When I return papers, my students ask if I opened my veins and just let my blood drip over their words. All they see is red. Many complain that I’m compulsive, I’m mean, I’m a *****. This semester, however, students are thanking me for correcting their grammar, stating that my feedback is helpful. That they are actually learning something. Go figure.
Teaching grammar is like watching paint dry, grass grow – pick a cliche. The trick is to make it real-world. Use examples from life, the way people actually speak and write, and show what is right and what is wrong. Conversations, TV and movie dialogue, lyrics, the President of the United States.
Donald trump has been a gold mine for stand-up comedians and English teachers. In two years and eight months as president, he has managed to damage our reputation around the world and mangle the English language in the process. The tweets are myriad, and so are the errors therein: spelling, punctuation, sentences, vocabulary, and some that are sui generis.
So it was with a special kind of joy that I read trump’s transcript of his perfect phone call, whatever that means, to Ukraine’s President Volodymr Zelensky. Zelensky fawns and trump gets in familiar zingers about Angela Merkel and Europe in general and brags about U.S. support, to which Zelensky agrees “1000%.”
“I would also like to thank you for your great support in the area of defense. We are ready to cooperate for the next steps specifically we are almost ready to buy more Javelins from the United States for defense purposes.”
The $391 million in military aid to Ukraine had been approved before this phone call, but it had yet to be delivered. Nevertheless, trump’s response to Zelensky was, “I would like you to do us a favor though because our country has been through a lot and Ukraine knows a lot about it. I would like you to find out what happened with this whole situation with Ukraine.”
“The whole situation” to which he alludes is the debunked conspiracy theory that the DNC server that was hacked in 2016 and was never turned over to the FBI, is, somehow, in Ukraine. According to Tom Bossert, trump’s first Homeland Security director, “United States government reached its conclusion on attributing to Russia the DNC hack in 2016 before it even communicated it to the FBI, long before the FBI ever knocked on the door at the DNC. So a server inside the DNC was not relevant to our determination to the attribution.”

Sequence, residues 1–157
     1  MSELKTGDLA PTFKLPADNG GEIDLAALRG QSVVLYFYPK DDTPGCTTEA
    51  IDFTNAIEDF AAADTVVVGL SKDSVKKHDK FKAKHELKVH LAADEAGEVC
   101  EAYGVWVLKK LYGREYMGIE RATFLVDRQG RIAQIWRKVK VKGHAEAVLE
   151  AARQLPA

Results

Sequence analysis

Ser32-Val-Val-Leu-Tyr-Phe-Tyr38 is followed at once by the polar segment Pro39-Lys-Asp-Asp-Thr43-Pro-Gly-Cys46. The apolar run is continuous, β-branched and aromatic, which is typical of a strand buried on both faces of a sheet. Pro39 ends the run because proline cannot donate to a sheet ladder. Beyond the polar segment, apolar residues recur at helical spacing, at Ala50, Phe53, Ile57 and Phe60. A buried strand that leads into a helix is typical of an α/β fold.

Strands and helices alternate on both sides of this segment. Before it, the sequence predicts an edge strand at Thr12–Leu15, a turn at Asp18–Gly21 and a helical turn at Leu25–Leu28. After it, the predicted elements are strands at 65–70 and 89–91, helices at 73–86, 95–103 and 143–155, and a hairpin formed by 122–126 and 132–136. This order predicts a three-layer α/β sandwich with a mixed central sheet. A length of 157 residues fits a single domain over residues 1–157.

Several times during the exchange, trump touts the excellence of Rudy Giuliani, and states that he and Attorney General William Barr will call to discuss “he other thing. There’s a lot of talk about Biden’s son, that Biden stopped the prosecution and a lot of people want to find out about that so whatever you can do with the Attorney General would be great. Biden went around bragging that he stopped the prosecution so if you can look into it…”
And there it is. The request from a president of the United States for a foreign power to investigate a political rival on the eve of another presidential election. Remember when trump looked into the camera and said, “Russia, if you’re listening, I hope you’re able to find the 30,000 [Clinton] emails that are missing”? Well, his request of Zelensky is eerily familiar. Just because it is brazenly scandalous does not make it any less impeachable. It is a violation of presidential power as inscribed in the Constitution, and his refusal to cooperate with the House and his blocking any subpoenas issued to his cronies is obstruction of justice.
The constitutional implications of the entire phone call notwithstanding, Republicans maintain that trump did not offer Zelensky a quid pro quo, information on Joe Biden in exchange for the military aid that he had apparently withheld. Now look at that lonely adverb, “though”, when trump asks for a favor before releasing the $391 million Zelensky had just alluded to. “I would like you to do us a favor though because our country has been through a lot and Ukraine knows a lot about it.” What trump and his sycophants don’t recognize is that his quid pro quo is embedded in that single word. Synonyms for though include “be that as it may” and “even so”. Given the peculiarities of English syntax, these alternatives would have to appear at the beginning of the sentence. Hence, directly after Zelensky’s offer to buy more Javelins, trump responds, “Be that as it may, I would like you to do us a favor.” Or, if you prefer, “Even so, I would like you to do us a favor.”
Now, what does that sound like?